by Anonymous 4 on Oct. 18, 2017 at 11:20 AM

Depends on how she talks to her daughter. If it is in a put down, complaining kind of tone than that is not good. Have you said anything to her?

Anonymous
by Anonymous 5 on Oct. 18, 2017 at 11:22 AM
3 moms liked this
That seems a bit obsessive, no offense.

I struggled with eating disorders (anorexia, bulimia).

Quoting Anonymous 2: It's not the best example but I don't necessarily think it will automatically end in an eating disorder. My kids see me weigh and measure myself weekly. I weigh and measure all my food and they know I focus on hitting a certain calorie mark. My oldest is very health conscious and asks me how much fat/protein/carbs are in certain foods and if that's good or bad. She asks about calories too. I think that can go many ways depending on how the parent teaches it and models it around the house.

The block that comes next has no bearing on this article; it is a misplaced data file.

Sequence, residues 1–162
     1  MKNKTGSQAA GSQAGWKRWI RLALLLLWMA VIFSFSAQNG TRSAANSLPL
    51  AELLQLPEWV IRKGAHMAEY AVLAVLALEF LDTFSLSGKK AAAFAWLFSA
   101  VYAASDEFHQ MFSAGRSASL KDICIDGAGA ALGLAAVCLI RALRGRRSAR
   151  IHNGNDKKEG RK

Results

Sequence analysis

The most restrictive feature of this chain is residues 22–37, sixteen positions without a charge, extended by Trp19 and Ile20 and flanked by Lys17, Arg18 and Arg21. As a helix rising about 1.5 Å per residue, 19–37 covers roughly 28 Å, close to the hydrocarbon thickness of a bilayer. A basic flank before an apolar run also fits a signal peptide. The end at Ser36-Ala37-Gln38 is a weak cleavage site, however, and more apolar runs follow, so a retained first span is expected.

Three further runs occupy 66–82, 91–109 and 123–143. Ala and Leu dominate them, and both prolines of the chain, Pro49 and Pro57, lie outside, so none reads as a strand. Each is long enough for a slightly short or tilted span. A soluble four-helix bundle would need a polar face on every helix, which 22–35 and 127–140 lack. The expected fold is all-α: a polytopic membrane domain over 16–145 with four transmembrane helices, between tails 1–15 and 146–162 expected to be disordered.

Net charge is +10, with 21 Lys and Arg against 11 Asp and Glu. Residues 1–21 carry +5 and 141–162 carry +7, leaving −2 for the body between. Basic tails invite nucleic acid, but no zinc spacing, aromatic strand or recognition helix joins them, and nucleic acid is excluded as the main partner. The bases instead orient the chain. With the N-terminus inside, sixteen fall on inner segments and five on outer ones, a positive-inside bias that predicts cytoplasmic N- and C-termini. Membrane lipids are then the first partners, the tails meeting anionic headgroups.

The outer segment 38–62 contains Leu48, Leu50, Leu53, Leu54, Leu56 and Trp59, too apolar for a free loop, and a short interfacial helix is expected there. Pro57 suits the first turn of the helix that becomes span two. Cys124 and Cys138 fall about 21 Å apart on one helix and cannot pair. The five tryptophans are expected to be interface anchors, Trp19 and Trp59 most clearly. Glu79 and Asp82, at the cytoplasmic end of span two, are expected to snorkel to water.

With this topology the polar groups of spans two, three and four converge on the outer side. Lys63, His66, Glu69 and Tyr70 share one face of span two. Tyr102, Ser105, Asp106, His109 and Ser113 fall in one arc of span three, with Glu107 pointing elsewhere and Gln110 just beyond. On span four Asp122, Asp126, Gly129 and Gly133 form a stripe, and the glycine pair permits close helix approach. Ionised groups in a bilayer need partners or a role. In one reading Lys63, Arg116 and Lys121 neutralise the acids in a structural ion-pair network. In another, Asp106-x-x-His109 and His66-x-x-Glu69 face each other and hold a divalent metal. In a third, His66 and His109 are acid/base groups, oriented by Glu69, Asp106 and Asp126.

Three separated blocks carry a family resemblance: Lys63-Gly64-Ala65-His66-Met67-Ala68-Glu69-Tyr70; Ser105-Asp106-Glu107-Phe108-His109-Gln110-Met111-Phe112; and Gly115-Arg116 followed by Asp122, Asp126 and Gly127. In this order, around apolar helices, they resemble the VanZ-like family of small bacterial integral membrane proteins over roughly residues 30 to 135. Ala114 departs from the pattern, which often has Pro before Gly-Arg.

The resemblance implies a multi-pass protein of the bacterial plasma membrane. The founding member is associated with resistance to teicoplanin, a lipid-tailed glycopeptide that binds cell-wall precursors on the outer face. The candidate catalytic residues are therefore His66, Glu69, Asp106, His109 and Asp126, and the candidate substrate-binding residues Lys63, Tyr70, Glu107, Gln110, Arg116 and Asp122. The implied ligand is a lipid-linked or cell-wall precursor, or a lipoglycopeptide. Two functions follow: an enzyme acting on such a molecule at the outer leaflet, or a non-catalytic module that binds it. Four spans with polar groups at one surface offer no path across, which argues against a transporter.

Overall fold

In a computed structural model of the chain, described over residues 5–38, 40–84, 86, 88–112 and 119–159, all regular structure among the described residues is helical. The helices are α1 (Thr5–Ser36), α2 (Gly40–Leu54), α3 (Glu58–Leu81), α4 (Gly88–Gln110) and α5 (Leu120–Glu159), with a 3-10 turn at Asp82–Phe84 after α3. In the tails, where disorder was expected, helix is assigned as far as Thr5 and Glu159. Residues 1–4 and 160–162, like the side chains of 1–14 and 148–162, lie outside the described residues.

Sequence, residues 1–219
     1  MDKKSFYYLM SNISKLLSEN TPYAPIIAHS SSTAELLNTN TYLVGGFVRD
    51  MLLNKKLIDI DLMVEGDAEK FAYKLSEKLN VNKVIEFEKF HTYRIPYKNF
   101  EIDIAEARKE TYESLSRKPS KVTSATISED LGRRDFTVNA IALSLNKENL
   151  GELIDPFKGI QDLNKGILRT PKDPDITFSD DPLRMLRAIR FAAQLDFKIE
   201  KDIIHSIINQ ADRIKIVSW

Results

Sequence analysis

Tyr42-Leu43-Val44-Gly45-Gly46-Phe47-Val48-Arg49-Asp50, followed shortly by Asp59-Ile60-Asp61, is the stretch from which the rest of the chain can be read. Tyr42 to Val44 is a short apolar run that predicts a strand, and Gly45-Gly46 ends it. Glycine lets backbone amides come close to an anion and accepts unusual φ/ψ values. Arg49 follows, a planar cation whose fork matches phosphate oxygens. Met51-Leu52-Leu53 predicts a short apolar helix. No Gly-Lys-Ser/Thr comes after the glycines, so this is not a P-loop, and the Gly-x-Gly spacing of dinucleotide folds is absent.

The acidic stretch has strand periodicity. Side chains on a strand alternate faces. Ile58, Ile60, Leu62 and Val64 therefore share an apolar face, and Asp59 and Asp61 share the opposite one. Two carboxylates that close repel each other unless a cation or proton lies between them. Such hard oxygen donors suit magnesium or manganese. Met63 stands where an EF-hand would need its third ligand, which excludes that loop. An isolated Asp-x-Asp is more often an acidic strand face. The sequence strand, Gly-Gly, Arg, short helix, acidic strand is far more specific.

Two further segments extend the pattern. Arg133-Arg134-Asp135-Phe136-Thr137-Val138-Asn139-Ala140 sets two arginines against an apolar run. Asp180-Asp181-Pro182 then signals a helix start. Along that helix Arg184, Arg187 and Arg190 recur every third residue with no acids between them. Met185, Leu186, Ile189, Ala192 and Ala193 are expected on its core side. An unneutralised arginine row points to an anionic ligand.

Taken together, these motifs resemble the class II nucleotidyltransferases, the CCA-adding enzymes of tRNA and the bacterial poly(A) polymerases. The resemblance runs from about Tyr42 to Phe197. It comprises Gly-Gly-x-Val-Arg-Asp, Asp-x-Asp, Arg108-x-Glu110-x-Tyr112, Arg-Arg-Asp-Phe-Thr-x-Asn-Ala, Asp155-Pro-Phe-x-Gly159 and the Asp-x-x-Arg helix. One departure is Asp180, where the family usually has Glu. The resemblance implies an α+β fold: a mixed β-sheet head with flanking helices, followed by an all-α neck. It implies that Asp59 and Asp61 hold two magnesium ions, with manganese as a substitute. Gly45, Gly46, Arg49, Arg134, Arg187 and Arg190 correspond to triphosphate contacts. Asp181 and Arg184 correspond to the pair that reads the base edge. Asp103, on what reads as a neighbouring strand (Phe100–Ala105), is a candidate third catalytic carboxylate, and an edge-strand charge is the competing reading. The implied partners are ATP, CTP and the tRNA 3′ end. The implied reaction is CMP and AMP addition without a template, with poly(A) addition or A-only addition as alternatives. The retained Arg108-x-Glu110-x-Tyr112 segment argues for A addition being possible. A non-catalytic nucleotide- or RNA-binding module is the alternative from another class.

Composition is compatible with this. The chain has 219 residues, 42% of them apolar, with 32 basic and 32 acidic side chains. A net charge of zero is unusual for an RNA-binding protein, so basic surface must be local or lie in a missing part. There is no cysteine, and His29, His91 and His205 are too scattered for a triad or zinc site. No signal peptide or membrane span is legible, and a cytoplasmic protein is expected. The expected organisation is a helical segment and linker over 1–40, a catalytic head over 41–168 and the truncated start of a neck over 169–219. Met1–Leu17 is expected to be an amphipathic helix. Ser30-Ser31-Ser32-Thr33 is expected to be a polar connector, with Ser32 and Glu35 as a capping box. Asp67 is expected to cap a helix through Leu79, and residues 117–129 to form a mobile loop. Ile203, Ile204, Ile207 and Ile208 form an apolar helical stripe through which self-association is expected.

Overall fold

Anonymous
by Anonymous 6 on Oct. 18, 2017 at 11:35 AM

I think that it could raise risk for some children and some situations. You can have three kids in a family and depending on the gae and stage and strengths/ressiliencies and relationship with the parent, you can get three very different outcomes. You can have a child who is relatively unaffected by this mothers over preoccupation with body size and weight and one who may become more conscience but not to an extreme and then another child may develop some anxiety or perfectionism around food and weight. Its just so tricky.

momto2boys973
by Sapphire Member on Oct. 18, 2017 at 11:35 AM

Yes, she is.

Anonymous
by Anonymous 2 on Oct. 18, 2017 at 11:43 AM
Quoting Anonymous 5: That seems a bit obsessive, no offense.

I struggled with eating disorders (anorexia, bulimia).

Quoting Anonymous 2: It's not the best example but I don't necessarily think it will automatically end in an eating disorder. My kids see me weigh and measure myself weekly. I weigh and measure all my food and they know I focus on hitting a certain calorie mark. My oldest is very health conscious and asks me how much fat/protein/carbs are in certain foods and if that's good or bad. She asks about calories too. I think that can go many ways depending on how the parent teaches it and models it around the house.